Mission remains, but the way of ministry changes
By Archbishop John C. Nienstedt
Thursday, 16 July 2009
Having celebrated the joyful season of Easter, culminating in the great feast of Pentecost, we find ourselves back in “Ordinary time” — a time permeated by the extraordinary graces we have gained from the Lord’s suffering, death and resurrection.
But “Ordinary time” is not marked by the “same old, same old.” Ordinary time is, rather, characterized by the wonderful effects of God’s transforming grace, which “makes all things new in Christ.”
That They May All
Archbishop John C. Nienstedt
Struck by the reality
As you know, at the beginning of this calendar year, I announced the
formation of a strategic task force to evaluate the current resources
of the archdiocese and recommend how we could better proceed into the
future by “building on our strengths, not duplicating our efforts.”
The reason behind this initiative is the dramatic changes that are
currently taking place in almost every area of this great archdiocese.
The reality of that situation became startlingly obvious to me a few
weekends ago. On Saturday evening, I traveled out to the Church of St.
Boniface in St. Bonifacius to celebrate the 150th anniversary of its
Founded in 1859, the first settlers were German farmers who gathered in
a small, wood-frame church under the spiritual direction of the
In 1878, the present church building was erected under the pastoral
care of the Franciscans. In recent years, that edifice has added a
gathering space and offices to more than double the original size of
the building. Correspondingly, the character of the neighborhood has
moved from “rural” farm fields to suburban living. While the original
mission of the parish remains the same, the way of ministry in the
parish has changed.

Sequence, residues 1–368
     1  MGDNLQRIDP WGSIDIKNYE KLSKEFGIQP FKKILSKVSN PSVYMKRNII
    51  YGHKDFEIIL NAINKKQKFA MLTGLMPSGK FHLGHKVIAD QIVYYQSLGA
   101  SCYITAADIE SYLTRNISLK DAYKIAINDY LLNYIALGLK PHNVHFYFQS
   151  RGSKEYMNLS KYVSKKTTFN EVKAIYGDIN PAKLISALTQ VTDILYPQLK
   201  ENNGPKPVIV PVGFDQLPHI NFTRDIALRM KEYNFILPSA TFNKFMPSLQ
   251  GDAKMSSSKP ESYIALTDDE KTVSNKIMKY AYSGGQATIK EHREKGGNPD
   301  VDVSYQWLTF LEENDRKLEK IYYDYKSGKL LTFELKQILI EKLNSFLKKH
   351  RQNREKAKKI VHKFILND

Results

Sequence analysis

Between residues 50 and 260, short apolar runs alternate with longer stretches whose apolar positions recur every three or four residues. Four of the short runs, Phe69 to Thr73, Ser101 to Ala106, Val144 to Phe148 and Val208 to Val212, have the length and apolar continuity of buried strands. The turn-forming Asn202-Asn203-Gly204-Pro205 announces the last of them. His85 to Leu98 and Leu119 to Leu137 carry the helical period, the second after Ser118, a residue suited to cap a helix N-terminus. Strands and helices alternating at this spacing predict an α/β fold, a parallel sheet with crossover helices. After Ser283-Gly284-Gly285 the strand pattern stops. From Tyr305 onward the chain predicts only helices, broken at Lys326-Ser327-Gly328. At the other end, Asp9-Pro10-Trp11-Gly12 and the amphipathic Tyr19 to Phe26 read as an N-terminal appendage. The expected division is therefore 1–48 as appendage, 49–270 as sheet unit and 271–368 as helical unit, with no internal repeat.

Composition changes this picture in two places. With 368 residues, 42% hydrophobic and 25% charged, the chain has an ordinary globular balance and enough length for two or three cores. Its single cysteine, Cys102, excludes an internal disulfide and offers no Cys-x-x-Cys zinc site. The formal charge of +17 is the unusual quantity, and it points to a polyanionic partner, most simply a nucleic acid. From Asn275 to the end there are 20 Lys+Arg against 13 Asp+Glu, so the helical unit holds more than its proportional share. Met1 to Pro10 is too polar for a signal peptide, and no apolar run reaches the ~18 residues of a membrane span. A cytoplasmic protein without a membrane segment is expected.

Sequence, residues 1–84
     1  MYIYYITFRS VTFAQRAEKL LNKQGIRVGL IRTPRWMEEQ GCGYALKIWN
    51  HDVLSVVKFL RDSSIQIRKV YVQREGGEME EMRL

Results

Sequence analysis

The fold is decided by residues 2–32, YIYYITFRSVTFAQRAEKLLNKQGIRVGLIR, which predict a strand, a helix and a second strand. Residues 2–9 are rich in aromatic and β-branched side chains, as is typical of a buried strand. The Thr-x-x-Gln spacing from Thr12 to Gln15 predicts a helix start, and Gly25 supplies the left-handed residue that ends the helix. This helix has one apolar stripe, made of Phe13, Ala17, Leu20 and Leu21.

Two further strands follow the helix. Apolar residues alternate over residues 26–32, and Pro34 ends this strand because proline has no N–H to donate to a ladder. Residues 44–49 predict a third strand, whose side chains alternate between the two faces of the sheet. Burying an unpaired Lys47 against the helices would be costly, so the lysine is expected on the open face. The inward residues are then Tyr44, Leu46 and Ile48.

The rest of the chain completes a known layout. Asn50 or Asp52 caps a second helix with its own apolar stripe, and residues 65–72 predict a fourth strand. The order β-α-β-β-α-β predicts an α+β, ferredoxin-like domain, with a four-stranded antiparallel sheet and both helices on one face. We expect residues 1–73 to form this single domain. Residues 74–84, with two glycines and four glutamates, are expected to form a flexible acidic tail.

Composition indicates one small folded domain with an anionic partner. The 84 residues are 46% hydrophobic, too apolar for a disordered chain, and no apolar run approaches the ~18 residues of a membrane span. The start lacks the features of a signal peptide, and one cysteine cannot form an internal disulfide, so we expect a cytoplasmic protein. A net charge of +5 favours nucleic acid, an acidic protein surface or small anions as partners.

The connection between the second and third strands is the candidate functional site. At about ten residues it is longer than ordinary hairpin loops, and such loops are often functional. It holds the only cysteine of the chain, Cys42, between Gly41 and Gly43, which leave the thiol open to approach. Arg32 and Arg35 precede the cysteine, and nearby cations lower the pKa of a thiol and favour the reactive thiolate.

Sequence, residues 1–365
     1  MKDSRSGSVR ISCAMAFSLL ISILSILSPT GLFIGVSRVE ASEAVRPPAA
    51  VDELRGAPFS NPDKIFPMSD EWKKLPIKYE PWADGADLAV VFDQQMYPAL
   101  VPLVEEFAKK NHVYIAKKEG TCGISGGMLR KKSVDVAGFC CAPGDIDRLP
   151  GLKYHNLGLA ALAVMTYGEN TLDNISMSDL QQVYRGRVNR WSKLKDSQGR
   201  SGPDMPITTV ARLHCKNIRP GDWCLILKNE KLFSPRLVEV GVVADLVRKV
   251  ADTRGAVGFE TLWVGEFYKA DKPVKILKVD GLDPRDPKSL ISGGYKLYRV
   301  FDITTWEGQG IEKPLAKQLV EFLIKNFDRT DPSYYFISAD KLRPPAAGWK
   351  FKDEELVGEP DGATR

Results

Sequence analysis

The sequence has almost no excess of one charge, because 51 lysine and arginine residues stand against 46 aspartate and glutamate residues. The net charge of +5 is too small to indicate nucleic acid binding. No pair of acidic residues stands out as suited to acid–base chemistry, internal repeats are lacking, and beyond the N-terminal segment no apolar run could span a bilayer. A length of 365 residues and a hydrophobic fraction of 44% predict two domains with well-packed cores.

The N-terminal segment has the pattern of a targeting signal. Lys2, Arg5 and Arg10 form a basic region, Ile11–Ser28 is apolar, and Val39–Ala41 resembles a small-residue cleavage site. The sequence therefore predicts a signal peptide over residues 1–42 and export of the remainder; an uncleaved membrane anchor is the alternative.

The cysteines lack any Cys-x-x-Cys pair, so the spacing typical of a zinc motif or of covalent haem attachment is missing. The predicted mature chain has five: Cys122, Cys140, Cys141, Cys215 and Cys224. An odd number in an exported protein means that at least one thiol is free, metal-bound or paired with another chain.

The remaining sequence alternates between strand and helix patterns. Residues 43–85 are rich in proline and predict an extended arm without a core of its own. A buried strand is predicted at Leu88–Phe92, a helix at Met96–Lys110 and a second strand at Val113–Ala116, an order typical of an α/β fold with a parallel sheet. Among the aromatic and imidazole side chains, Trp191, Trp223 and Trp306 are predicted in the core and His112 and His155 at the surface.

The very next morning, I drove to Minneapolis to celebrate the 125th
anniversary of the Church of St. Anne, founded by Archbishop John
Ireland in 1884 for immigrants of French descent.
That Sunday, the church building was packed with descendants of the
original French families as well as the many Vietnamese families that
now call the church home. The Vietnamese community arrived in the Twin
Cities around 1976, and they merged with St. Anne’s in 2005 under the
patronage of St. Joseph Hien. Again, the mission has remained the same,
but the way of ministry in the parish has changed.
Later that same Sunday, I celebrated the sacrament of confirmation at
our Cathedral for more than 300 Hispanic candidates. It was a most
joyful liturgy, and I even found myself relaxing in a language that I
have struggled to learn. But, clearly, before my eyes was the wave of
the future. Again, the original mission of our Catholic outreach is the
same, but the way of ministry has changed.
I merely point to this two-day experience to underscore the fact that
there are changes going on all around us. And the dynamics of our
evangelizing efforts must adjust to those evolving circumstances.
Thus, the work of the Strategic Task Force for Parishes and Schools
intends not so much to build a more “efficient” archdiocesan church,
but rather one that is holier and more vital, responding with Word and
sacraments to the real needs of the church that exists in the here and
Conversion of hearts and growth in holiness are always the mission of
Christ’s church. We accomplish this mission by serving the needs of the
poor, the sick or the strangers in our midst. To be responsible
stewards of our gifts requires that we are attentive to the “signs of
the times” and able to assess the changes taking place before our eyes.
God bless you!